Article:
It is indeed very curious to note that not only geographers but also men of letters have been influenced by the writings of Rennell. More than a century after Coleridge wrote his famous poem Kubla Khan, or the Vision of a Dream: A Fragment, a Harvard professor, John Livingston Lowes, wrote a book called The Road to Xanadu, pointing out possible sources for ideas, images, and phrases in The Ancient Mariner and Kubla Khan. From the entries in the poet's Notebooks he found that at the time of writing these poems Coleridge read a number of travel books, one of which was the History of Hindostan by Thomas Maurice. In its preliminary pages there is a mention of Major Rennell which was noted by Coleridge in his Notebook. Lowes argues: 'We know Coleridge's habit of verifying references, and the memorandum is conclusive evidence of his intentions in the present case." If Coleridge did read Rennell, he may have come across the following description of Kashmir, making it seem like a holy land, because of the romantic beauty of the fertile valley, encircled by steep mountains, with a river opening a path through it, and a garden in perpetual spring, with surprising fountains.
'The valley or country of Cashmere is celebrated throughout upper Asia for its romantic beauties, for the fertility of its soil. 'It is'.surrounded by steep mountains, that tower above the regions of snow; and'its soil is composed of the mud deposited by a capital river, which originally formed its waters into a lake'until it opened itself a passage through the mountains'. The author of the Ayin Acbaree dwells with rapture on the beauties of Cashmere'Only light showers fall there: these, however, are in abundance enough to feed some thousands of cascades, which are precipitated into the valley, from every part of the stupendous and romantic bulwark that encircles it. ' In a word, the whole scenery is beautifully picturesque; and a part of the romantic circle of mountains, makes up a portion of every landscape. The pardonable superstition of the sequestered inhabitants, has multiplied the places of worship of Mahadeo (whose image it was that appeared in the cave), of Bishen, and of Brama. All Cashmere is holy land; and miraculous fountains abound'.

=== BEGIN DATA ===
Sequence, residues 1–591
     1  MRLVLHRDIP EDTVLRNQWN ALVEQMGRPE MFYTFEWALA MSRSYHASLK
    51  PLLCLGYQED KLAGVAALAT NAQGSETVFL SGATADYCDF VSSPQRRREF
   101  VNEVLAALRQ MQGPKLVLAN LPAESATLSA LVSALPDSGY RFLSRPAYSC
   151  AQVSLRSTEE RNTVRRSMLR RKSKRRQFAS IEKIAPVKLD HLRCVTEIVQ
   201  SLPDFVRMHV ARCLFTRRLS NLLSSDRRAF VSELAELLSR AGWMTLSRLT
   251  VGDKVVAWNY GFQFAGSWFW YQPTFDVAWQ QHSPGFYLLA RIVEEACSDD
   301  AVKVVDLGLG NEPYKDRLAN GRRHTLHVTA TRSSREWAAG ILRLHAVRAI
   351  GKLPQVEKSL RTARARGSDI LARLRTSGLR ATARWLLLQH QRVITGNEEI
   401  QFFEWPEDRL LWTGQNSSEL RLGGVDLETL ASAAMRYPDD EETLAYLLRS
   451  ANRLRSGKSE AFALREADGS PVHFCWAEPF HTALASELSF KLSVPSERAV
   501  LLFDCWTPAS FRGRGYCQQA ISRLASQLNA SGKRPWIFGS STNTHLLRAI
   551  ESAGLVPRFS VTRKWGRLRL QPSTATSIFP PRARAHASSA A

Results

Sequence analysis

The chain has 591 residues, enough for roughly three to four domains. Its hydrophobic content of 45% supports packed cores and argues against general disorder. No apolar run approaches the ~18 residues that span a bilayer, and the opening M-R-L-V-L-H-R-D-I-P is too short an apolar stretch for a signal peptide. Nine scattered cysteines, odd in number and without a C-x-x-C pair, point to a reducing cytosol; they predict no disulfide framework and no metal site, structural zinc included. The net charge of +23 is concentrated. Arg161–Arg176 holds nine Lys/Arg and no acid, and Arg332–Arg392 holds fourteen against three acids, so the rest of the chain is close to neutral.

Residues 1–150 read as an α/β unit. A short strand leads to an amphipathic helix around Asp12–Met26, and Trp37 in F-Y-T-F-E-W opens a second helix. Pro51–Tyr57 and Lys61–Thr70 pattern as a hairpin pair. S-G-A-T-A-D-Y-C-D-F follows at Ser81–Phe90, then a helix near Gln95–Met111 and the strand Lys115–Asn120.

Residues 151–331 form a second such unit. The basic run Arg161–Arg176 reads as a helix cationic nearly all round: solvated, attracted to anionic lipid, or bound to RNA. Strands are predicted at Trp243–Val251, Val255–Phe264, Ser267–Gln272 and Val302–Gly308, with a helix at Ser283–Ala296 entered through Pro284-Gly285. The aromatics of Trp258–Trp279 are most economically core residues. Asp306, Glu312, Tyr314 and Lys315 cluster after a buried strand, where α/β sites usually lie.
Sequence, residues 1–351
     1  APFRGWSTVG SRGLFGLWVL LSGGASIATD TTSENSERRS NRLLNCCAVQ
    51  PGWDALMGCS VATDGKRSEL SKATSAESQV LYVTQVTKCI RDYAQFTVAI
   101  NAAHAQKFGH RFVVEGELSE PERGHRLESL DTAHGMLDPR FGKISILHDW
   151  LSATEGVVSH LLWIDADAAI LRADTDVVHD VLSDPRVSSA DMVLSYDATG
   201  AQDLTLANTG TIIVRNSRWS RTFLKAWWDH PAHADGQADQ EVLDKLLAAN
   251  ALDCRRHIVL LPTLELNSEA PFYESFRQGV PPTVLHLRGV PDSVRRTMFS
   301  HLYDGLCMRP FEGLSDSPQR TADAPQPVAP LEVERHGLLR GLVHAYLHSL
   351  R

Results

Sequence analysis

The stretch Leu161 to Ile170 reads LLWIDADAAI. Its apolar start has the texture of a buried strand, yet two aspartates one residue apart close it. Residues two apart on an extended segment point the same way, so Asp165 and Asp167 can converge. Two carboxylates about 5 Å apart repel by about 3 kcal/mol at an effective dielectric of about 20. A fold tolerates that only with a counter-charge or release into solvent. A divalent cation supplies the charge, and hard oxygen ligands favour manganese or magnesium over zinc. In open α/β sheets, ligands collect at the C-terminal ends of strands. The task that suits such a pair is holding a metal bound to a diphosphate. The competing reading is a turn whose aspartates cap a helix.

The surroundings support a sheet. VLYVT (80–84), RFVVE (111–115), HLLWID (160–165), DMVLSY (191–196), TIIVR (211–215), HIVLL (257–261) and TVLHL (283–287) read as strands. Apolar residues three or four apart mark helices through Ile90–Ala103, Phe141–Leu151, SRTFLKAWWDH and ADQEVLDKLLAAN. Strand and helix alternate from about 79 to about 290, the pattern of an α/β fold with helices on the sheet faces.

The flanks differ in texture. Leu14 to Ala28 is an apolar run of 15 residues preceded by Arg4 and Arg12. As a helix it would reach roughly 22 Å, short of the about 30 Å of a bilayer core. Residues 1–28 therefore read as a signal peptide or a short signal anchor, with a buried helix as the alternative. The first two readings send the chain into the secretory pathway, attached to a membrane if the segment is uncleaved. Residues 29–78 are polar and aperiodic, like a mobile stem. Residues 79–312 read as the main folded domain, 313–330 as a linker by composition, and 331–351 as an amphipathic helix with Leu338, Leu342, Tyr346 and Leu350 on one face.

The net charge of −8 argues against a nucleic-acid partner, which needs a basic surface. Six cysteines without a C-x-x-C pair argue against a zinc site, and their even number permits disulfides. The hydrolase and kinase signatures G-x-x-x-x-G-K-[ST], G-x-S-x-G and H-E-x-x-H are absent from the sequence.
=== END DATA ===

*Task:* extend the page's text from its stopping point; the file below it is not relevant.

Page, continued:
To sum up the account of Cashmere, in the words of (Abu Fazil), "It is a garden in perpetual spring." ' Rennell, 143-145.
As described by Rennell, this group of pictures may have appealed to Coleridge, if he read the text, reinforcing similar descriptions of Kashmir in Maurice, and other writers' descriptions of the source of the Nile. According to Lowes not only the image of Kashmir as described by Rennell but also some words and phrases used by him recur in the description of Xanadu.
If a geographer or mapmaker like Rennell could inspire a poet like Coleridge what has been his influence on the geographers themselves, specially of the country where he worked and the foundations of whose geography he laid? It does not seem to be much in evidence. In this country only one reprint of his Memoir is known to have been published so far. Not a single scrap of paper on Rennell could be found in the oldest university library. Even in his own life time the support he received from his employers was not much. The Company refused to bear the cost of publication of his Bengal Atlas. It was only through generous public subscriptions that its publication was eventually possible.
How many, even among today's geographers themselves, have seen his maps and atlases? A large number of maps prepared by him are yet to be published. They were listed in a random manner by his biographer. A more systematically made list of these maps was published in 1917 by Major F.C.Hirst in the booklet The Surveys of Bengal by Major James Rennell 1764-1777. The Survey of India which Rennell was instrumental in setting up was to become a highly skilled organization. His successors accomplished the monumental task of surveying the whole of British India through the Great Trigonometrical Survey (GTS). Whether its high tradition has been maintained is doubtful. At least in one recent instance its action does not seem to have done it much credit. The State Land Records & Survey office in West Bengal made an attempt to prepare a report on the present conditions of the GTS pillars falling within a particular district. It was found that because of long neglect and non-maintenance their condition was deplorable, some were difficult to locate and identify and in one case a building had come up on the site of the pillar! Those who are associated with the work of survey and map-making know how important these GTS pillars are as reference points. Any deviation from its original location will inevitably make the later survey work very difficult and its result will be inaccurate.
A large part of Rennell's work, available in the British Library, is yet to be published. Since Rennell's time great geographical changes have taken place in our country, for the proper understanding of which the study of Rennell's works is of paramount importance today. He is the greatest historian of our rivers. Those who are engaged in the over-ambitious project which plans to link major rivers of our country, must consult Rennell who surveyed our rivers more extensively than anybody else.